Democratic Opposition leader Tina Browne says having an indigenous name first followed by Cook Islands would most likely be seen as more acceptable by the majority of Cook Islanders.
“We were giving cautious support to the proposed complete name change for the Cook Islands.
It’s a sensible decision for the House of Ariki to return to the original idea proposed by Pa Ariki to replace the papa’a-coined words of Kuki Airani with something that we Cook Islanders can really identify with and is derived from our native language.”
Browne added she is aware of widespread resistance to the name Cook Islands being dropped completely.
The Democratic Party will support whatever the majority of Cook Islanders decide on the issue and the best method of gauging the national mood is to have a referendum, she says.
At this point in time, Browne believes there must be emphasis placed on educating Cook Islanders living at home on the history of the 15 islands, how they came to be grouped and howv the name came to be used.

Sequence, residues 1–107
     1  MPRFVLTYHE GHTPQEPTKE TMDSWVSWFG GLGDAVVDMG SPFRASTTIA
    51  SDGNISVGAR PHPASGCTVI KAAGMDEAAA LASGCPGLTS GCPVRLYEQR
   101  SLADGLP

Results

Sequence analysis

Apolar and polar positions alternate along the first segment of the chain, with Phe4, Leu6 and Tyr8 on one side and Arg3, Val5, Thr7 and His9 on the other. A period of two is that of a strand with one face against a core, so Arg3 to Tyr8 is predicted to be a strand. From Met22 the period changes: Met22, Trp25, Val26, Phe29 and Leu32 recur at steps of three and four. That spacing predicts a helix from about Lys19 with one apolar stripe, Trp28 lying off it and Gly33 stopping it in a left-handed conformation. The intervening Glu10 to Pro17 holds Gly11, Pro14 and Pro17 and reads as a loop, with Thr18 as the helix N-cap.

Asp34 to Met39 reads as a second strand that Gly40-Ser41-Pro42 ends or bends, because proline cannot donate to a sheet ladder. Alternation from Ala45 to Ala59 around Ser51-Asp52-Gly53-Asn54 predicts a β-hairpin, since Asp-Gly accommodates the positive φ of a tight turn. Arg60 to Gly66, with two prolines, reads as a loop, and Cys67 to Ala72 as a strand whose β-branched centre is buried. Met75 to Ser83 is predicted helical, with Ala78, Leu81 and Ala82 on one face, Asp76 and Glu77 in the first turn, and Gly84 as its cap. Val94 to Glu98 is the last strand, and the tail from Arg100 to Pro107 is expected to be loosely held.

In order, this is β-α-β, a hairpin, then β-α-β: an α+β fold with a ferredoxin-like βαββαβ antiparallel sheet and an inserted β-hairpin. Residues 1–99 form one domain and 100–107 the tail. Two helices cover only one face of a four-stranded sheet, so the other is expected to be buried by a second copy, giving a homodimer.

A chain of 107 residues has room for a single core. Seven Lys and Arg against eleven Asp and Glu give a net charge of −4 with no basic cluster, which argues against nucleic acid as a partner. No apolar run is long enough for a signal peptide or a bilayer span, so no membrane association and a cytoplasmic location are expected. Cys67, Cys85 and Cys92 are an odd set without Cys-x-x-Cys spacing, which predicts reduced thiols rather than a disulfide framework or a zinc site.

It is widely felt that a 1990s referendum to change the name of the Cook Islands to Avaiki Nui failed because of resistance to change, people fearing it would impact negatively on the country. “Many people have contacted the Democratic Party opposition to say that there are far more pressing issues that we should be focussing on at this time rather than changing the name of our country.”
Browne says comments have been made that resourcing and upgrading outer islands schools is seen as being more important.
Along that same line of thought, Browne says teaching Cook Islands history, how our 15 islands came to be grouped and named after English sea captain James Cook by a Russian cartographer Adam von Krusentern is essential.
A little background written by Cook Islander Liam Kokaua is reprinted here with his permission to shed light on the history of the Cook Islands name.
“Captain Cook did give some of our islands a collective name, but he didn’t name them after himself, he named what is now the southern Cook Islands the “Hervey Islands” after a British Admiral in 1773.
This name only applied to the southern islands (From Mangaia in the south to Palmerston in the north). The name Hervey Islands remained popular until 1824 when the islands were renamed “The Cook Islands” by the Russian cartographer Adam von Krusenstern, in honour of Captain Cook who had died in 1779.
So yes while we are named after and bear the legacy of Cook, we were actually given that name by a Russian!
- Democratic Party